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How is COPD Treated? Medications and Lifestyle Changes

Friday 10 May 2024
6 minute(s) read

Table of Contents

I. COPD Treatment

II. COPD Medications

i. Bronchodilators

ii. Anti-Inflammatory Medication

iii. Combination Medicine

III. Managing COPD with Lifestyle Changes

IV. Treating COPD Exacerbations

V. Conclusion

If you or someone you care about has been diagnosed with chronic obstructive pulmonary disease (COPD), you likely have a lot of questions about what comes next. While COPD is a progressive disease that currently has no cure, the good news is there are many effective options to relieve symptoms, improve quality of life, and slow disease progression.

In this article, we’ll provide an overview of COPD treatment options. We’ll discuss COPD medications, managing COPD exacerbations, and practical lifestyle changes to manage this disease.

COPD Treatment

Living with chronic obstructive pulmonary disease (COPD) can be challenging, but with the right treatment plan, many people find they are able to better manage their symptoms and improve their quality of life. [1]

While there is currently no cure for COPD, a variety of treatment options exist that can help:

  • Control symptoms
  • Slow disease progression
  • Reduce exacerbations
  • Maintain an active lifestyle [1]

The key is working closely with your healthcare team to find the right combination of therapies tailored for you. COPD treatment usually involves a combination of medications and lifestyle changes. [1]

COPD Medications

COPD inhalers on a table

If you have COPD, there are several types of medications your doctor may prescribe to help you breathe easier and stay as healthy as possible. The key is finding the right mix and dosage for your specific needs. With some trial and error - as well as good communication with your doctor - you can get on a regimen that will help manage your symptoms.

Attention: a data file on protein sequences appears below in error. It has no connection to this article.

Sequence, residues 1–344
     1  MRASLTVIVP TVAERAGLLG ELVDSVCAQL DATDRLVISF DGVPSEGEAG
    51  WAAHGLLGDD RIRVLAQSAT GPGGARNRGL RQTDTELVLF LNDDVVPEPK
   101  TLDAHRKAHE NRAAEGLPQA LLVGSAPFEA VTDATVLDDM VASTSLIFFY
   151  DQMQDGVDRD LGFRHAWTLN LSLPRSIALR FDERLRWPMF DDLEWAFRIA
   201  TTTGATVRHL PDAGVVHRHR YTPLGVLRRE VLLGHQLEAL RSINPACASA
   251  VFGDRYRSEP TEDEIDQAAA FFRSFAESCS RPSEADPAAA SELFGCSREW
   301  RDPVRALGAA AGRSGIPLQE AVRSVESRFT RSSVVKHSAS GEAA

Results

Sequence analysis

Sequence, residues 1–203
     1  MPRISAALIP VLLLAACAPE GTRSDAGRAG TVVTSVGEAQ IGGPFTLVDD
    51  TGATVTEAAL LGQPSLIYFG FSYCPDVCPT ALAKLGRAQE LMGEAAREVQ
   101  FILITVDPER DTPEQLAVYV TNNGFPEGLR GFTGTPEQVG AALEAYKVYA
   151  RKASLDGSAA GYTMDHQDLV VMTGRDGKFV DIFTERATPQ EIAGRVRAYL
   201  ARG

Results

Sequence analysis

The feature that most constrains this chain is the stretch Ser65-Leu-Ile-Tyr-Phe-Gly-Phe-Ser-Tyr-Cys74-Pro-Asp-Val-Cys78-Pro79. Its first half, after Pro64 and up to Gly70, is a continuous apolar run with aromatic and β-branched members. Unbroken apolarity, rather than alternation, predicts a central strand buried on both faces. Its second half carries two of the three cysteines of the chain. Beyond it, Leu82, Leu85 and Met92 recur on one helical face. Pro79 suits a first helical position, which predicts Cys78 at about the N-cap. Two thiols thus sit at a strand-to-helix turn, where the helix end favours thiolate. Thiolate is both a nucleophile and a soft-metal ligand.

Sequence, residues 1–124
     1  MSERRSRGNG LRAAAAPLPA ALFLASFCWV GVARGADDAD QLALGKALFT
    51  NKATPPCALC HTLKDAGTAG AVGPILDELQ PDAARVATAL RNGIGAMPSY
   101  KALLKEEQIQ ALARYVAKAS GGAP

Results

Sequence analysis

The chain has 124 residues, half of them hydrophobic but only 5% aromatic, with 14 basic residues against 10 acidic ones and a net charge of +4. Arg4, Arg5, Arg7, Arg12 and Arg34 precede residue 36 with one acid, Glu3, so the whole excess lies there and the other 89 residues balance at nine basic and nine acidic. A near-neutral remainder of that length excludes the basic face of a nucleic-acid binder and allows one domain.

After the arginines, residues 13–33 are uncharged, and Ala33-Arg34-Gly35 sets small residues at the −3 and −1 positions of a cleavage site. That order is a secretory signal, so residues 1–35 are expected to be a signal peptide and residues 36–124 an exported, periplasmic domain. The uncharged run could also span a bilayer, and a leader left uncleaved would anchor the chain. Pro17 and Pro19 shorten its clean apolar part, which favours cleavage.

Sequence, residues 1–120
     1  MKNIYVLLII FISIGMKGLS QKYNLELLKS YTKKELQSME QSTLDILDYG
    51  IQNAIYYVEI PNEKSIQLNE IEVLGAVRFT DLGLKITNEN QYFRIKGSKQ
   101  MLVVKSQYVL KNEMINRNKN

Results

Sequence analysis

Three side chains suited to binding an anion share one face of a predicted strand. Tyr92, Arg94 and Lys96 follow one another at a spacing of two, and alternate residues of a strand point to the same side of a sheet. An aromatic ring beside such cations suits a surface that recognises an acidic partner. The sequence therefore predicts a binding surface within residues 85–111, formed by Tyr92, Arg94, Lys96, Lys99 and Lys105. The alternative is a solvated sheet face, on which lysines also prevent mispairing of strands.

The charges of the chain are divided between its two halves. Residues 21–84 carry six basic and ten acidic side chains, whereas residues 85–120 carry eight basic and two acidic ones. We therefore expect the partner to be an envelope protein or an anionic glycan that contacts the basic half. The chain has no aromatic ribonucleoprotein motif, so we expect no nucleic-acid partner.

Your doctor may prescribe the following types of COPD medications to control your symptoms and prevent exacerbations:

  • Bronchodilator
  • Anti-inflammatory
  • Combination Medications [2]


COPD treatment often involves the use of bronchodilators, which are inhalers that help you breathe more easily. There are two main types of bronchodilators that work in different ways to relax the muscles around your airways. [2]

  • Beta-2 agonists relax the tightened muscles surrounding your airways so air can flow more freely.
  • Anticholinergics prevent the muscles around your airways from tightening. This helps keep your airways open and makes it easier to cough up mucus. [2]

Both beta-2 agonists and anticholinergics come in short-acting and long-acting forms.

  • Short-acting bronchodilators provide quick relief and are used on an as-needed basis to address sudden symptoms.
  • Long-acting bronchodilators take longer to take effect but offer relief for a more extended period, making them suitable for individuals experiencing ongoing COPD symptoms. [2]

Examples of short-acting bronchodilators include:

Examples of long-acting bronchodilators include:

Anti-Inflammatory Medication

Managing inflammation is key for those living with COPD. The airways can become swollen and irritated, leading to breathing difficulties. Fortunately, corticosteroids can help manage this inflammation. [2]

There are two types of corticosteroids used in COPD treatment:

  • Inhaled corticosteroids, commonly called ICS, are taken directly into the lungs through an inhaler. ICS reduces swelling in the air passages and decreases mucus production. They are especially helpful for people with more significant COPD symptoms. [2]
  • Corticosteroid pills, like prednisone, are used for shorter periods of time, particularly during COPD flare-ups. However, they may be prescribed for regular use if inhalers alone are not providing sufficient relief. [2]

It’s important to note that inhaled corticosteroids (ICS) are not used alone for COPD. Instead, they are combined with a long-acting bronchodilator (LABA). [2] Examples of inhalers that combine an ICS and LABA include: